BRUSSELS - Euro zone governments should tighten fiscal policy next year more than currently planned to help the European Central Bank fight inflation and prevent interest rates rising too high, the European Fiscal Board (EFB) said in a report on Wednesday.
The EFB is an independent advisory body set up to assess fiscal policy in the 20 countries that share the euro currency and advise the executive European Commission.
The Commission expects that in 2024, euro zone governments will reduce fiscal support to the economy by 0.8% of GDP, but the EFB said the overall euro zone fiscal stance would remain supportive even with that tightening.
"Because of the favourable macroeconomic outlook, the EFB considers a restrictive fiscal impulse in the euro area appropriate in 2024," it said in its annual report.
"Moreover, falling inflation and rising interest rates will in due time provide less relief to public finances. Barring new negative developments, an improvement in the structural primary balance beyond the 0.8% of GDP projected by the Commission would appear to be appropriate," the report said.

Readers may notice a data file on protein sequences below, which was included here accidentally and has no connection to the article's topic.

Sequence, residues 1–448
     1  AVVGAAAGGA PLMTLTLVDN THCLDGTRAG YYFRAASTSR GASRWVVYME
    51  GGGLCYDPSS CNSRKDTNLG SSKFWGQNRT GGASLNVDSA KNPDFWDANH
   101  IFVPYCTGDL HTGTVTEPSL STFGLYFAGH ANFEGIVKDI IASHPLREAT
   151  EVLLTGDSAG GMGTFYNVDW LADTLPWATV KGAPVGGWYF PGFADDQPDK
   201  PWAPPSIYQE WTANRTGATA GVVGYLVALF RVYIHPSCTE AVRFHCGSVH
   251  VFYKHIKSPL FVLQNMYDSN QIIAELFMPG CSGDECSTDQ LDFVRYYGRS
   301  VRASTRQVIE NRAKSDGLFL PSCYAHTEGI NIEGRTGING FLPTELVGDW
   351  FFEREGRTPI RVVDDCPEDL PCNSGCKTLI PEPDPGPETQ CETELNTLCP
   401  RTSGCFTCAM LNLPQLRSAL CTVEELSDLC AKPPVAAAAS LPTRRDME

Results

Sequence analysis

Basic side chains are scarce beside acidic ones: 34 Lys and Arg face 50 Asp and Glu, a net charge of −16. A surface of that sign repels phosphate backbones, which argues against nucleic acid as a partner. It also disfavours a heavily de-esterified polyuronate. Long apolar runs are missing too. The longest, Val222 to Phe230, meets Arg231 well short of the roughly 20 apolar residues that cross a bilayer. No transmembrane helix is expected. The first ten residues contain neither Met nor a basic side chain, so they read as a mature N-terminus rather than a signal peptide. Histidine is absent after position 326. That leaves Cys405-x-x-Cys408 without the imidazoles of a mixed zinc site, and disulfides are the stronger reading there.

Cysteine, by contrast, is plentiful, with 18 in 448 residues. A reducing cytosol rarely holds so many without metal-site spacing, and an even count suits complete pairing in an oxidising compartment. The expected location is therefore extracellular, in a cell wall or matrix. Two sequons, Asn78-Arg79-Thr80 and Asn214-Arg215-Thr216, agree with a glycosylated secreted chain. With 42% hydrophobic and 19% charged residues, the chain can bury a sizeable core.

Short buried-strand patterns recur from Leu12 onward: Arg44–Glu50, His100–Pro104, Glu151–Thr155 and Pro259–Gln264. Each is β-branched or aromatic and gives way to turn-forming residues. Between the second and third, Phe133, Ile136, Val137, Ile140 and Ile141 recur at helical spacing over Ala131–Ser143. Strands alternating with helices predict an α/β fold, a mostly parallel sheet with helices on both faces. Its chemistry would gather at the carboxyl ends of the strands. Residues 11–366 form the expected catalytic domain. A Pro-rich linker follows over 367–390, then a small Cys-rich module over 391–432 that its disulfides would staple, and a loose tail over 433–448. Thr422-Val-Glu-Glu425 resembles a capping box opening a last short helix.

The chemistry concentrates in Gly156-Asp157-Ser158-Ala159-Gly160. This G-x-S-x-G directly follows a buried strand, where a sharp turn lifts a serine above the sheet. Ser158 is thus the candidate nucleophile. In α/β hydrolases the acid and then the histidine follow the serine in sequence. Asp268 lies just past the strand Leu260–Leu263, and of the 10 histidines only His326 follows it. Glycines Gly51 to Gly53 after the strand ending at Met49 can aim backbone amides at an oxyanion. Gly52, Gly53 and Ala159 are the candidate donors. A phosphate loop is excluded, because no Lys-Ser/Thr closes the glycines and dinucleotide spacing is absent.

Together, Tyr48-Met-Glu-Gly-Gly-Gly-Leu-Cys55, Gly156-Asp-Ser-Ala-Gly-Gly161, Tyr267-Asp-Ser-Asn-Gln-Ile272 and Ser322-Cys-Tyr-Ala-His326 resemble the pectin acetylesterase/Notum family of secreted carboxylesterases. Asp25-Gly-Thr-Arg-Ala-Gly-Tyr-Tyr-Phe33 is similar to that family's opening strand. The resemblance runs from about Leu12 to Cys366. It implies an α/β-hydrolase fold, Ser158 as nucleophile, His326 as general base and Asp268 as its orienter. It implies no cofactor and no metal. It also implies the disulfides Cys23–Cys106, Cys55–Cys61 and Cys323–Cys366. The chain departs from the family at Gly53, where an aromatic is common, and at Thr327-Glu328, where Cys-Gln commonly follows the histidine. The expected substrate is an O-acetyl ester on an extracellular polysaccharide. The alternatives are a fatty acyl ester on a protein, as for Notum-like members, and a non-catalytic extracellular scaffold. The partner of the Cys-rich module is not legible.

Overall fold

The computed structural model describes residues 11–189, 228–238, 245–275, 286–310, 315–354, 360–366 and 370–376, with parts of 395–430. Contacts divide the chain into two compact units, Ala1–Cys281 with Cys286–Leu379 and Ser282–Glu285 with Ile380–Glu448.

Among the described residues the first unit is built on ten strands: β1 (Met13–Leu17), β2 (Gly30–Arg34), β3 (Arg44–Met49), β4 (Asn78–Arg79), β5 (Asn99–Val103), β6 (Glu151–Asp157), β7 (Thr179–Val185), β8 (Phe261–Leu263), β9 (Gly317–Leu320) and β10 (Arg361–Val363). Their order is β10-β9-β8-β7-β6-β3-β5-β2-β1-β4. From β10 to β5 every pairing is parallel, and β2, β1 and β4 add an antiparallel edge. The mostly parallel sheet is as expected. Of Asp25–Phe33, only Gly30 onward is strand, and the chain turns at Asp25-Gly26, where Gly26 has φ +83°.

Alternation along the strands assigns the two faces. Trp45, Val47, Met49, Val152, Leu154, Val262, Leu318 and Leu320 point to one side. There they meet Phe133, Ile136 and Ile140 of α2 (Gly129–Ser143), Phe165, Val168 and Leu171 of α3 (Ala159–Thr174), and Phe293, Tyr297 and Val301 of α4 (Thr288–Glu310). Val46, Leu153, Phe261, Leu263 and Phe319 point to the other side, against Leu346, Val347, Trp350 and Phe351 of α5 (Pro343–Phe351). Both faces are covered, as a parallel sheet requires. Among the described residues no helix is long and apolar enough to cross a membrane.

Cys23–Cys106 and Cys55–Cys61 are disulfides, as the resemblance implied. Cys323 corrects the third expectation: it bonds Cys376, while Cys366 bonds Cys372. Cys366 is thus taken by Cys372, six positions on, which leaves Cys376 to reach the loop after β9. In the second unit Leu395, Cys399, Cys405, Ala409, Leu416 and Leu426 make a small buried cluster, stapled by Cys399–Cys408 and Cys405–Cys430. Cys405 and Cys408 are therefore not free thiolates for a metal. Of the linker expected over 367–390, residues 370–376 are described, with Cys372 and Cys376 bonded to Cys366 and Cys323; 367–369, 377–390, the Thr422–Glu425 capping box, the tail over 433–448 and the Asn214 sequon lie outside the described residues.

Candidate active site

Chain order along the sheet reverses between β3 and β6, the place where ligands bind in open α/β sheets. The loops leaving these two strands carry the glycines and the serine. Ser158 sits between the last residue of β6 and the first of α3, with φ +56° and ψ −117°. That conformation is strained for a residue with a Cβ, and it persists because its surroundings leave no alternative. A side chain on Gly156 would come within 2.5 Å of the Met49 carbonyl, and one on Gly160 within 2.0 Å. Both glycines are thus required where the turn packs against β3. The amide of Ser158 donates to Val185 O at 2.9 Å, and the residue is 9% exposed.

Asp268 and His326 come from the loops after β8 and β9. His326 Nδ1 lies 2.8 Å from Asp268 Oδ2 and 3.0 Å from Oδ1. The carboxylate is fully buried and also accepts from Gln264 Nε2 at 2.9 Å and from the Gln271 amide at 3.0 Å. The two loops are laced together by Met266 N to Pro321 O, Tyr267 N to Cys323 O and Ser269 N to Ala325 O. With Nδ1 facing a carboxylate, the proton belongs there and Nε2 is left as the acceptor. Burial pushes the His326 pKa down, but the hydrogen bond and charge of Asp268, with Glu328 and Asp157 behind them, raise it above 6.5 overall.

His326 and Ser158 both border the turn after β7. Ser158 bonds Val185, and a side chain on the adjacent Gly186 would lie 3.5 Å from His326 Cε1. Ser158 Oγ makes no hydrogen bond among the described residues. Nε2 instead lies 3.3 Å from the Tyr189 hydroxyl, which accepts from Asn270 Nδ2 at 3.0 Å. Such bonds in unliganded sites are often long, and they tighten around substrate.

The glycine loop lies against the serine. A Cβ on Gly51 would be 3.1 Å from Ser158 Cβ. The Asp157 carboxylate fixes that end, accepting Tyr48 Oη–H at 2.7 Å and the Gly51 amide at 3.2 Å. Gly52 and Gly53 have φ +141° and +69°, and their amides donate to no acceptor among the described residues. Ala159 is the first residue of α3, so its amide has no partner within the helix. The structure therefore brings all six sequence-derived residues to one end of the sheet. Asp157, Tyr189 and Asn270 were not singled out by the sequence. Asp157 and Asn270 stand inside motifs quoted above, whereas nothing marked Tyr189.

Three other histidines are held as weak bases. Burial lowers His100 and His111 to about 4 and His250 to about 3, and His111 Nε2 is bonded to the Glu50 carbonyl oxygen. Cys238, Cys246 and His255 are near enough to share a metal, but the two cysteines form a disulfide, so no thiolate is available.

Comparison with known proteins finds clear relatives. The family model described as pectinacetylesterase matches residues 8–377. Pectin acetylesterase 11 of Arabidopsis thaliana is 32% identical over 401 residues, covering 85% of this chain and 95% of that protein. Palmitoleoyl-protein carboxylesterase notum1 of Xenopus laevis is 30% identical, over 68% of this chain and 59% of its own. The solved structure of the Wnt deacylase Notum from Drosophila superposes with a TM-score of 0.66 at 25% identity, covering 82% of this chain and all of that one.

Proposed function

The EFB said the euro zone economy would operate close to its potential in 2024 and the labour market would remain surprisingly tight.
"Therefore, 2024 could very well ex post fall into the category of 'economic good times'," the EFB said.
The European Central Bank has been rapidly raising interest rates since the middle of 2022 to stem high inflation and is keen for fiscal policy not to work against it.
To that end, euro zone governments are to phase out their energy price subsidies this year, withdrawing some 1.25% of GDP in fiscal support.
"A sizeable restrictive fiscal impulse would help the ECB in the pursuit of its inflation target. A fiscal policy stance that is too expansionary would imply higher interest rates with a potential knock-on effect on output," the EFB said.
(Reporting by Jan Strupczewski; Editing by Christina Fincher)